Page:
They include Lucy Powell, Ed Miliband’s general election campaign coordinator and MP for Manchester Central, who has been appointed as the new shadow education secretary; and Michael Dugher, the former shadow transport secretary, who is the new Shadow Secretary of State for Culture, Media and Sport.

Jonathan Savage, reader in education at the Institute of Education at Manchester Metropolitan University (pictured), welcomed the appointment of Powell as shadow education secretary.

‘Powell, who was newly elected to the House of Commons in 2012, is a strong advocate for state education, having been educated herself at Parrs Wood High School and Xaverian Sixth Form College in Manchester,’ he said.

‘Her own children attend state secondary, primary and nursery schools in Manchester. She has campaigned on many educational issues in the past including the reduction of university tuition fees and the provision of specialist facilities for children with learning difficulties.’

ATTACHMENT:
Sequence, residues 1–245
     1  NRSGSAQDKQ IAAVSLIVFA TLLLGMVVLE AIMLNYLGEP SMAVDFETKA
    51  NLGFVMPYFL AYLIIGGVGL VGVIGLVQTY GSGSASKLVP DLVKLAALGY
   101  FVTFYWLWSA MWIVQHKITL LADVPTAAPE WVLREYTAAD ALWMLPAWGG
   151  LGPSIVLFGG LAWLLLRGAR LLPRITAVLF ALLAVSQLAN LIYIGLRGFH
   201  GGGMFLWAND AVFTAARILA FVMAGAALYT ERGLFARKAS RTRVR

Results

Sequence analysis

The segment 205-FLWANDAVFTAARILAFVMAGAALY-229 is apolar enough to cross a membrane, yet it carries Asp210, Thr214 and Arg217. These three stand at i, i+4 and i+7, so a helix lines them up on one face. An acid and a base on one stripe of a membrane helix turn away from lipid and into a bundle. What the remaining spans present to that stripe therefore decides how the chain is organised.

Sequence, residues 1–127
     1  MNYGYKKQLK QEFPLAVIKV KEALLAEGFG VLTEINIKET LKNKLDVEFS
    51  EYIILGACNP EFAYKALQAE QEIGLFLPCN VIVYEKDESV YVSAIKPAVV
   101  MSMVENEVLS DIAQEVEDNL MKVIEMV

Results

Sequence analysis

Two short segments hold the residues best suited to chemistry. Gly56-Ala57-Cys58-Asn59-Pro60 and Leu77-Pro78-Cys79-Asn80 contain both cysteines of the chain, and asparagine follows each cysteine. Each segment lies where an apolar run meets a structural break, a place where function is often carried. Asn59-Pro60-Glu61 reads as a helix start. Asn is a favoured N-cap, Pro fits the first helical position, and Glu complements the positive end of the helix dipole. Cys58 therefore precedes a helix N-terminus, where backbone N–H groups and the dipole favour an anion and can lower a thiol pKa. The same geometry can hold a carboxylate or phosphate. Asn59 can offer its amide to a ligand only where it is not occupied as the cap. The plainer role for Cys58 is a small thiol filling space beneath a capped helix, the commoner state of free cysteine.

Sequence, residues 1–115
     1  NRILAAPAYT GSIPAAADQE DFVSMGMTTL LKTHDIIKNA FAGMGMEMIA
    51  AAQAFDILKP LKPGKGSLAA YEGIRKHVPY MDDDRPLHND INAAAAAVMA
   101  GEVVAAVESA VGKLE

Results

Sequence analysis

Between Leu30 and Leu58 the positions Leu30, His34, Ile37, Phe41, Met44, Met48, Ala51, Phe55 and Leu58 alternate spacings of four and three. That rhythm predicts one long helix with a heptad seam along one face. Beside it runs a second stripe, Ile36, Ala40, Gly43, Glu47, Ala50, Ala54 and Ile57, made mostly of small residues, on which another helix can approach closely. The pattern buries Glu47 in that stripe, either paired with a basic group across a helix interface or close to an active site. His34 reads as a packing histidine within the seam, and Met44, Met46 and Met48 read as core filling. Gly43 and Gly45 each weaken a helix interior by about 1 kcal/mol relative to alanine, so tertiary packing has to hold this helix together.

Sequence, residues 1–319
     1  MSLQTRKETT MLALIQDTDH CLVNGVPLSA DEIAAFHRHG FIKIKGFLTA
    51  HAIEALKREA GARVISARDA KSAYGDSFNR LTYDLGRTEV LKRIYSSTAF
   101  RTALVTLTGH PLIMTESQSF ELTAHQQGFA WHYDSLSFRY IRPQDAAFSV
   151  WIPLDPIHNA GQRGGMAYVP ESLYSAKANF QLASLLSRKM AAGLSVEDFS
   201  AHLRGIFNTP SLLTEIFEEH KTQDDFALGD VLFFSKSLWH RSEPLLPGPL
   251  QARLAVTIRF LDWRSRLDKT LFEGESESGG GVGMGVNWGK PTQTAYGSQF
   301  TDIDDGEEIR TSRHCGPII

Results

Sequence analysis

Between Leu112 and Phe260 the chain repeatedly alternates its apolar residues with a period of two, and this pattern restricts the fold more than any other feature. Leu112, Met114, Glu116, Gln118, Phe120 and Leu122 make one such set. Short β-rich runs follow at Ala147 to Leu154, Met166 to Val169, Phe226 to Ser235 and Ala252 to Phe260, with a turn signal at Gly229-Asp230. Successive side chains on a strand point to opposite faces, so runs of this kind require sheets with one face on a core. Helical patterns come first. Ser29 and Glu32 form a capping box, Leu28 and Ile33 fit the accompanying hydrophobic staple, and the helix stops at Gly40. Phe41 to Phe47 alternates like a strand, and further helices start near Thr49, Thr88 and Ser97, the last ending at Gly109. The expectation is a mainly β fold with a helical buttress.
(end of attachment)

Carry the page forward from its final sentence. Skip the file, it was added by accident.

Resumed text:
Henry Vann, head of external affairs at the Incorporated Society of Musicians (ISM), said the appointment of Michael Dugher as shadow culture secretary was also good news.

He said: ‘Michael Dugher has previously supported our concerns around tax breaks for orchestras and did some good work as chair of the All-Party Parliamentary Group for Brass Bands.’

Vann also praised Corbyn’s positive vision for the arts in the run-up to his election as leader of the Labour Party.

He cited five pledges made during the Corbyn campaign: the maintenance of arts funding; a strong BBC, including investment in musicians; the protection of local education authority (LEA) funding; fair pay for creators; and the idea that every child should have the opportunity to learn a musical instrument.

Vann said: ‘The good news is that the argument about the importance of music education has won in the shape of Corbyn and his new team.

‘During the campaign, he set out his own views on education and the arts, and made a point of saying that the economy depends on the success of the creative sector. There was a real recognition of the importance of the arts to society as a whole.